From Wall Street "Eat the Rich" visits Albania, Sweden, Russia, Tanzania and Cuba. The description of each country is on-the-mark. In his description of Moscow, for example, he notes, "The traffic signals are timed to let three battalions of crack airborne troops and a hundred missile launchers through before the yellow caution light comes on." The reader can imagine the old Soviet Politbureau directing traffic from their platform in the event of an electrical outage. He shows how the absence of the rule of law in that country has lead to the rise of the Russian Mafia - "The only way to enforce a contract is, as it were, with a contract--and plenty of enforcers. What would be litigiousness in New York is a hail of bullets in Moscow. Instead of a society infested with lawyers, they have a society infested with hit men. Which is worse, of course, is a matter of opinion."
The romp through each country shows a different side of economics. In Albania it is capitalism in anarchy. In Sweden it is socialism in a stable, moral society. In Cuba it is the worst of all worlds. Yet all the pictures placed side by side, clearly illustrate that a stifling of individual liberty (including property rights entailing an incentive to work and invest) will make a nation poor. Indeed, this descriptive collage goes further to show what Adam Smith and classical economists ever since have endeavored to explain - Money is not wealth, the wealth of a society is inherent in the goods and services it produces, and sufficient production only occurs when there is an incentive to produce.
O'Rourke spends a few chapters explicitly explaining economic theory. Though sarcasm and skepticism run deep in this work, these qualities allow the reader to be entertained while getting to the nub of economic thought, as when the advantages of the division of labor are demonstrated by comparing the relative productivity of John Grisham and Courtney love in units of BS - BS serving as the mathematical symbol for what you would expect.
To characterize O'Rourke as the economic Carl Sagan, would be a mistake. He does not so much popularize its study as he journalistically exposes it to scrutiny, allowing the reader to extract information that will be useful in daily life. That most of his conclusions reflect the conservative theories of the Austrian school of economics seems only to be incidental to his observations.
O'Rourke shows he is aware that economic application has a significant influence on society. He pointedly notes, "Socialists think of society as a giant, sticky wad. And no part of that gum ball--no intimate detail of your private life, for instance--can be pulled free from the purview of socialism. Witness Sweden's Minister for Consumer, Religious, Youth and Sports Affairs. Socialism is inherently totalitarian in philosophy." He is correct. Why should the government be in any way involved in the religious or consuming or sporting aspects of our daily lives?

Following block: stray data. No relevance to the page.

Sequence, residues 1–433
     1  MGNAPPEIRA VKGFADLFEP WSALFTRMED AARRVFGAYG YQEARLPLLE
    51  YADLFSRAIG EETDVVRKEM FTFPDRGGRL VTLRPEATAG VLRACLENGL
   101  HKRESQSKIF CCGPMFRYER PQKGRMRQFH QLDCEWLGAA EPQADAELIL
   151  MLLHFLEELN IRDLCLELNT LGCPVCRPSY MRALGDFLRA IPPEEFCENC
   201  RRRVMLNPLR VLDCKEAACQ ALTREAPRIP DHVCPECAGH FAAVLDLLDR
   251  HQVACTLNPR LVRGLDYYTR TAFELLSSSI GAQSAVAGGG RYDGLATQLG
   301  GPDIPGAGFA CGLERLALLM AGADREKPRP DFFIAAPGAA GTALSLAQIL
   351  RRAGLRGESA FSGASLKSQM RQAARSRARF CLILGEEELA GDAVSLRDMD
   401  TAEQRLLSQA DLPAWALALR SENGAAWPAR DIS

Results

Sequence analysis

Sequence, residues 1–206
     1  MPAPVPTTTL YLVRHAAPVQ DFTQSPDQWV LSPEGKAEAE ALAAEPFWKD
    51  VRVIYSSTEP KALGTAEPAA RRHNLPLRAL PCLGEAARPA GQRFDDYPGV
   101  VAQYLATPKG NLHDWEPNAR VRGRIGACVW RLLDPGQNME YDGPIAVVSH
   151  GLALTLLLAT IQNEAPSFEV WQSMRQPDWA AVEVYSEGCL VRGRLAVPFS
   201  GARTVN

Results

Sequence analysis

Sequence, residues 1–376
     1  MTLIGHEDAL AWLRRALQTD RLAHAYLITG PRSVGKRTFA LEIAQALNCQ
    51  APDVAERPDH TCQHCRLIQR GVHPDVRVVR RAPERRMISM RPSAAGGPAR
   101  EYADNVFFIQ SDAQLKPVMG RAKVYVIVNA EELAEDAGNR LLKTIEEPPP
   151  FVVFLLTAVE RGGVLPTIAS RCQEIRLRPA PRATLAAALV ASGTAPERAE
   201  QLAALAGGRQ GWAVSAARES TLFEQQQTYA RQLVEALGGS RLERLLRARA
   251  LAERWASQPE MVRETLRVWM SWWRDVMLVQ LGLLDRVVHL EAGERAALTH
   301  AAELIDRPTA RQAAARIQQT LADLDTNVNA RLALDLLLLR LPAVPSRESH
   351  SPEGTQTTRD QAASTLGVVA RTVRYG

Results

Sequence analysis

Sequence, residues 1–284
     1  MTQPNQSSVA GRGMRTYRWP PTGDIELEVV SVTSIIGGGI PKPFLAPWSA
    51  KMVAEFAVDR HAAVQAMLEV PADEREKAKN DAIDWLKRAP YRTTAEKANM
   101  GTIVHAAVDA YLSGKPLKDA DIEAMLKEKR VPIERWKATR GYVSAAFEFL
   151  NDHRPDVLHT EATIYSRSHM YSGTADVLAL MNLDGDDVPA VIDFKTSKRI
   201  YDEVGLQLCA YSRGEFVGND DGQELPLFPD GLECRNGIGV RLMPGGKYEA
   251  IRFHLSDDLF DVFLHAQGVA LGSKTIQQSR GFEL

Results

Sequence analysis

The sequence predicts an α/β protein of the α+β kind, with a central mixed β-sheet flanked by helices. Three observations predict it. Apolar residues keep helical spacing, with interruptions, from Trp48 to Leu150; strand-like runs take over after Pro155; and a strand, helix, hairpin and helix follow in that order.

"Political systems must love poverty--they produce so much of it. Poor people make much easier targets for a demagogue." It is a keen observation. History has shown that free societies have been eroded and eventually washed away by the demagoguery of politicians calling for the redistribution of wealth. It happened to the Roman Republic in the First Century AD, culminating in the rise of the Empire. It is happening now with our own system. We have politicians buying votes by advocating policies that in the end will only degrade the productivity of our economic system (creating less wealth for everyone) and will surely undermine personal liberties.
If the book has a flaw, it is that it lacks an index. It would be nice to be able to use this work as a quick and ready reference. (However, this flaw has been remedied in the reviewer's copy through injudicious use of a red pen and dog ears.) "Eat the Rich" should be on the bookshelf of every thoughtful conservative, ready to thrust into the hands of the young skulls full of mush who come home from their liberal arts education thinking Lenin and Che Guevara are modern heroes. It should be mailed to every congressman who thinks society can be advanced through a redistribution of wealth. More, it should be read, studied and enjoyed by every person who considers taking the life of a nation into his hands by walking into a polling booth.
Unfortunately for the world, but fortunately for the reader, little has changed socioeconomically within the countries examined in this book. Meaning it's still illuminating, relevant, and a solid introduction to someone interested in learning at a very high-level a bit more about macroeconomics and the role government plays in other parts of the world.
The book is marred, however, by O'Rourke's inability (or unwillingness) to refrain from periodic gratuitous swipes at anyone and everyone who is, or was, left of center on the political spectrum. These unnecessary reminders of his own set of biases limited my enjoyment in reading the book.
Most Recent Customer Reviews
P. J. O’Rourke is the funniest serious writer I know. Or the most serious humorist.Read more